Tuesday, September 24, 2019

How Science Advances

Image result for funeralScience & Environmental Education
History of Science
Nature of Science
Edward Hessler

"A new scientific truth does not triumph by convincing its opponents and making them see the light, but rather because its opponents eventually die, and a new generation grows up that is familiar with it."--Max Planck, Theoretical Physicist, Nobel Prize, 1918

The most paraphrased variant is "Science advances one funeral at a time." 

In a recently published paper in the American Economic Review titled "Does Science Advance One Funeral at a Time?" Pierre Azoulay, Christian Fons-Rosen, and Joshua S. Graff Ziven investigate this claim. 

For their study, Azoulay and his co-workers who are professors of management at Massachusetts Institute of Technology (MIT), investigated the effect of the premature death of a star scientist on the literature. This is the abstract:

"We examine how the premature death of eminent life scientists alters the vitality of their fields. While the flow of articles by collaborators into affected fields decreases after the death of a star scientist, the flow of articles by non-collaborators increases markedly. This surge in contributions from outsiders draws upon a different scientific corpus and is disproportionately likely to be highly cited. While outsiders appear reluctant to challenge leadership within a field when the star is alive, the loss of a luminary provides an opportunity for fields to evolve in new directions that advance the frontier of knowledge."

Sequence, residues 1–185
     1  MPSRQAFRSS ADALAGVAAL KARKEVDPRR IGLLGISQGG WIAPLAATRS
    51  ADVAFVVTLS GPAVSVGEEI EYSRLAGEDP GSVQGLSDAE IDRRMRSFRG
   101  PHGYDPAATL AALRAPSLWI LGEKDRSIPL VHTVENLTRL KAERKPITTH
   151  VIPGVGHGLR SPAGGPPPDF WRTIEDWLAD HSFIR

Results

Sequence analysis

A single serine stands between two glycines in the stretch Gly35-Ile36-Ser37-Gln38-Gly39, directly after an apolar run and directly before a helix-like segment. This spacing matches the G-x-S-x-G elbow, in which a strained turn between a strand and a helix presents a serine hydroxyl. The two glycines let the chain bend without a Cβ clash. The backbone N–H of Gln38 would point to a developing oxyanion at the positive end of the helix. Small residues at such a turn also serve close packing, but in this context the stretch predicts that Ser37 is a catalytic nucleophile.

The study lends some support to the infamous quip attributed to Planck. Science does appear to advance funeral by funeral. However, there is a residue of ambiguity, too. The authors write, "While we can document that eminent scientists restrict the entry of new ideas and scholars into a field, gatekeeping activities could have beneficial properties when the field is in its inception; it might allow cumulative progress through shared assumptions and methodologies, and the ability to control the intellectual evolution of a scientific domain...."  

A full copy of the paper (32 pages) which includes a long and thorough discussion of the study design and analysis may be found at the American Economic Review website.

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